Governor Cuomo: Well, first, this is a trained health care professional. Obviously, in this environment she was very aware of the possibilities so she did, textbook, everything right. Her spouse, also a health care worker was with her – again, textbook, everything, right? They have basically been in a controlled circumstance. We don't believe she was contagious when she was exposed to other people, because remember the contagion comes from the sneezing, the coughing, etcetera, in an isolated setting. We don't believe she was contagious on the airplane or in the car. Out of an abundance of caution, the “disease detectives” that the Mayor referred to – we're going to contact the people on the plane and the private car driver. But those were really, to the best of our knowledge, the only possible exposure.

Commissioner Oxiris Barbot, Department of Health and Mental Hygiene: I’d like to add to that – what the Governor mentioned. Because of the fact that this New Yorker took early action, and we know that there's currently no indication that it's easy to transmit by casual contact, there's no need to do any special anything in the community. We want New Yorkers to go about their daily lives, ride the subway, take the bus, go see your neighbors. The important thing, as both the Mayor and the Governor have said, we want New Yorkers to lean even more into frequent hand washing and covering their mouths and their noses. And if you can't get to a water source, make alcohol-based hand sanitizer your new best friend.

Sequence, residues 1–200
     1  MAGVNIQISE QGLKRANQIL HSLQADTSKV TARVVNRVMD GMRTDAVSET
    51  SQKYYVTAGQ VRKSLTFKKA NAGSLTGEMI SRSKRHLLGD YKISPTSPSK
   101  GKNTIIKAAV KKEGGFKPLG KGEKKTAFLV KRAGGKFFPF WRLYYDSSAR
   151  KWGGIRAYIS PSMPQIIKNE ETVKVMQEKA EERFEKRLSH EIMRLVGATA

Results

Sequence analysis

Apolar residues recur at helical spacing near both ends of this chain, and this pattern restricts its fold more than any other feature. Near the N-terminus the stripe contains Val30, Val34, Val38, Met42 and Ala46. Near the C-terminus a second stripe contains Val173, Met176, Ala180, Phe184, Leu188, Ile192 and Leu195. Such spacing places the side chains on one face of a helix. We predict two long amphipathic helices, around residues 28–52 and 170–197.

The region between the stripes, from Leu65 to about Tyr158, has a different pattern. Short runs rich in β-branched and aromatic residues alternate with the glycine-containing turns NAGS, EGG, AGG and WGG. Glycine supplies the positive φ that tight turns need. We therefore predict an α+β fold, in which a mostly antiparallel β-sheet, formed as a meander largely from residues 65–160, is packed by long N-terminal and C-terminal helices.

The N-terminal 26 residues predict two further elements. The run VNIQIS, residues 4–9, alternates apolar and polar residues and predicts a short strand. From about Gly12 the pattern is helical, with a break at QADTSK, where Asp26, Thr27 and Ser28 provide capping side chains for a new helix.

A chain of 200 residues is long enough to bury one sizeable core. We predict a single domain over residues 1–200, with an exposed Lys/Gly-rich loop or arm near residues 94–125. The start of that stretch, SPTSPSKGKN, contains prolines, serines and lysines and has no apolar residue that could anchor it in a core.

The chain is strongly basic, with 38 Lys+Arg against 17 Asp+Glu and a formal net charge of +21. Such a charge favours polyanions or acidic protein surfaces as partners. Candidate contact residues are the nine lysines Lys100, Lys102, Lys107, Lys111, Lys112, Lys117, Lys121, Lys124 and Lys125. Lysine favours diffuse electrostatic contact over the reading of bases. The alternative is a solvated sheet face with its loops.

Question: [Inaudible]

Governor Cuomo: You raise a good issue. And it's something we, when we talk about being prepared, and we knew this was coming four weeks, which was actually an advantage, having the right supplies, the right masks, the right protective gear, the right training is something we've been working on with the entire hospital system. We started weeks ago in terms of having the equipment and having the training. It has worked very, very well. If any doesn't have the right equipment, they should let us know ASAP and we will get it to them because we have it. And I'm going to refer it to Mr. Ken Raske, who represents the hospitals and who has been working with us on this.